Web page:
[lg policy] Discussion: What are you thoughts on a workplace language policy?

Harold Schiffman hfsclpp at GMAIL.COM
Sun Mar 11 15:58:30 UTC 2012

What are you thoughts on a workplace language policy?

Steve Madsen • Shelena - language policies can be as useful as they
are disruptive. what prompted you to ask this question?
3 days ago • Like

Shelena McClinton

Shelena McClinton • I have a bilingual workforce and there have been a
few request for an "English Only" policy.
3 days ago • Like

Tatiana Mehlbrech

Tatiana Mehlbrech • Hi Shelena, in my opinion language policy reflects
the culture of the company. If your company is an international entity
with Head Office in US, English should be the official language of
communication and employees from other countries should be encouraged
to learn English.
3 days ago • Like

Rajeev Shroff

Rajeev Shroff • In one of the companies I worked at the whole language
issue became a big issue, and actually effected employee engagement
with one section of the employees.

When I joined as a leader, I read through the first employee
engagement results, I saw a number of comments about a Manager who was
perceived as biased.

As I dug through the details, I found the Manager conducted meetings
in a local language, which helped him connect and relate better with
his team, but there were smaller section of people who did not speak
the local language. Overtime this whole perception formed that he was
biased towards a section of people who spoke the same language as him.

Turned out this was baseless, but that showed that clearly we needed a
common language of communication, and once implemented and clarified
the whole issue went away.

There several other examples I could share, but clearly a common
language is required. We never implemented that as a written policy,
but everyone understood the reasoning and followed the 'suggestion'.
3 days ago • Like

Saikumar B • I absolutely agree with Mr.Rajeev Shroff that in an
establishment with bilingual or multi lingual employee composition,
the language policy shall endeavour to evolve a language commonly
known to the employees rather than commiunicating with them in as many
languages as there are employees. It runs the risk of exposing a piece
of information to be communicated to the vulnerability of darwing as
many interpreations also. This will spell disaster for corporate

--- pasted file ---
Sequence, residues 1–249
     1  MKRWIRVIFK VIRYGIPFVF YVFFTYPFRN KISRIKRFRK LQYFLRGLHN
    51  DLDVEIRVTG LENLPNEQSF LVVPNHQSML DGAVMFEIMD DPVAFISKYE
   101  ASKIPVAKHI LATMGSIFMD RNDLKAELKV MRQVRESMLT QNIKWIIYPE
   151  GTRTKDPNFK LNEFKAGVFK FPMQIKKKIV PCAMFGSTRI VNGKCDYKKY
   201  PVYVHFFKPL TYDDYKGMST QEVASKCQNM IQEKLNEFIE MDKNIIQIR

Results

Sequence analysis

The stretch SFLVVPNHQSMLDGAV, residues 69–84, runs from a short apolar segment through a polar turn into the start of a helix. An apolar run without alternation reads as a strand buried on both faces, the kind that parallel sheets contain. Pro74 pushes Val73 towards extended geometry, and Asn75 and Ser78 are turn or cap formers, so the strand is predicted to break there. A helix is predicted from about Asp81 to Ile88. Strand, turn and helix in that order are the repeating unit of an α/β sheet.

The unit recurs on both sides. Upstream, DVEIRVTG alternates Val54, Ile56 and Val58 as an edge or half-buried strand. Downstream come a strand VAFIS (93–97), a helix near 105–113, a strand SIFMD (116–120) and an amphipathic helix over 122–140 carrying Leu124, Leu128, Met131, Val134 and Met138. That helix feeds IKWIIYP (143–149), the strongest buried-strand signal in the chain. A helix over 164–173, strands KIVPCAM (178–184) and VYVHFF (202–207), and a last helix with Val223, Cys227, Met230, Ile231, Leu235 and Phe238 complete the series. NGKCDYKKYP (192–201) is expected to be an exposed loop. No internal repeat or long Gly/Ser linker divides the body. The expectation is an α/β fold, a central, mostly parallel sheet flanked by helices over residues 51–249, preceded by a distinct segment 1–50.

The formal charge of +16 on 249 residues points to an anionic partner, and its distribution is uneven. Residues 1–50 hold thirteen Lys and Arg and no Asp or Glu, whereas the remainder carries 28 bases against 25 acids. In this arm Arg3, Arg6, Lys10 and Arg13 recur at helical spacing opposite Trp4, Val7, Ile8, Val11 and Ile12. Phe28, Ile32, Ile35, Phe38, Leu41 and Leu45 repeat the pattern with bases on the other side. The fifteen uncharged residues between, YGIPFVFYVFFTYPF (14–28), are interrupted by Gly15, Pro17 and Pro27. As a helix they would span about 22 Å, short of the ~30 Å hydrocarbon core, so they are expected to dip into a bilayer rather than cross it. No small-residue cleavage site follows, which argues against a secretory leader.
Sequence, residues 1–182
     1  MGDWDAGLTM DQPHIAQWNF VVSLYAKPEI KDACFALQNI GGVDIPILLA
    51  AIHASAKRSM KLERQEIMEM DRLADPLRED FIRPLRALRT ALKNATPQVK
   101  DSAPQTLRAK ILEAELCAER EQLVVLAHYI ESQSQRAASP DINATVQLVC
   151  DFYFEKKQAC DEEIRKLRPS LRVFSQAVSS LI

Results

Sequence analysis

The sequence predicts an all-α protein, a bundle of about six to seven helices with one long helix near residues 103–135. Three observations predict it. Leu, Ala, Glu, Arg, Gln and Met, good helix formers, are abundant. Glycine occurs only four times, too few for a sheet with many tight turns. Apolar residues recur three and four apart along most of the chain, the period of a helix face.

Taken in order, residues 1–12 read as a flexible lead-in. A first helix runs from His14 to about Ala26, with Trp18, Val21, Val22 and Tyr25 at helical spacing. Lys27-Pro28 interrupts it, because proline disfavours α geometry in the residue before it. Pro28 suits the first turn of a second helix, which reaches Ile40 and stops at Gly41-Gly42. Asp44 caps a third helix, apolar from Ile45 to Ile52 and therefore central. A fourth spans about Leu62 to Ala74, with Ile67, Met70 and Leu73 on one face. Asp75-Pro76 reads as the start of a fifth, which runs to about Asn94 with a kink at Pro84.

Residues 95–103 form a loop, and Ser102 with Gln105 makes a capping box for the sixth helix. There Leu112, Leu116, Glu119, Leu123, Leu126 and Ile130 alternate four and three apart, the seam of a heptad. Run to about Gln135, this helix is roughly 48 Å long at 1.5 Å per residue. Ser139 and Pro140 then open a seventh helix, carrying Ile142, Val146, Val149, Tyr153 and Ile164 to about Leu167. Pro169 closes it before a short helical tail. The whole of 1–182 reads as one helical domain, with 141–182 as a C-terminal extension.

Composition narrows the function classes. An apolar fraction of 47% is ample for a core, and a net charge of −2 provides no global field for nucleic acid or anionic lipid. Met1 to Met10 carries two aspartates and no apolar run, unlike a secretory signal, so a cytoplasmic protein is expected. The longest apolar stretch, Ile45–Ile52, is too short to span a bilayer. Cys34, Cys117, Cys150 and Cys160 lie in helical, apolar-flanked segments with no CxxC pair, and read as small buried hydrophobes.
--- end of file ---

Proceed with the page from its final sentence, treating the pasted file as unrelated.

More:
communication system.

For adopting common language policy, the company can adopt the
'majority principle'.However if there is a minority who cannot speak
or understand the language of the majority, the company can employ a
language consultant to assist them to learn the language of the
majority in due course.
3 days ago • Like

Duane Larkin

Duane Larkin • If the intent of the policy is to say "All official
business will be conducted in <insert language>" then I would say it
is a fair policy. There needs to be some continuity in an ever diverse
world. However, if the policy is meant to limit hallway and break room
discussions, I would say the would be unethical, at the least.

Shelena, I would seek to understand the "why" of the request you have
received. If language is limiting someone's ability to do his or her
job, that is a problem. If language is keeping someone from listening
in on gossip, well, that is a different problem.
2 days ago • Like

Laura Lingle

Laura Lingle • Please provide more information and context regarding
what is really going on. As Duane pointed out, there's a difference
between specifying how the company communicates to the world, and how
people communicate within the company. I cannot imagine, for example,
insisting that two people who speak Spanish not speak Spanish to one
another when it's just the two of them communicating.

If it is the latter - where others, perhaps, are frustrated that they
cannot listen in on others' conversations, that's not an issue to be
resolved with a language policy.

It's very difficult to really answer this without context. Please
provide so that we don't continue running in circles, discussing this
with lots of assumptions that may be completely irrelevant.
2 days ago • Like

Steve Madsen

Steve Madsen • Shelena - your original question is very basic. I grew
up in the LA area and am a native Californian, but the population of
Hispanic and Spanish-speaking people make this a potential divisive
issue that really needn't be. I think the requests are coming from (my
guess) boomers who think "your in the USA and our language is English"

My thought - you have two extremes - all English, or a dual language
environment and a variety of degrees in between. There are many more
language choices that can be made - Thai, Korean, Spanish, Vietnamese
are perhaps the other dominant foreign languages in SoCal, so which
one do you choose? It is largely dependent on your employee
population, both present and future, that will determine which way you
should go. Every product I buy now has instructions in English,
Spanish, French, Mandarin, and others, which may be easier to produce
than a workforce fluent in all these languages.

I think you've got some great thoughts from the comments above. Take
them back to your organization and put together a sensible policy that
serves your company. You know better than anyone in this group what
will work and what won't.
1 day ago • Like

Laura Lingle

Follow Laura

Laura Lingle • Best case scenario in terms of participating in this
group would be that you share more details and context, respond to
what you've read, and (or at least) let us know what you did and what
the results were.


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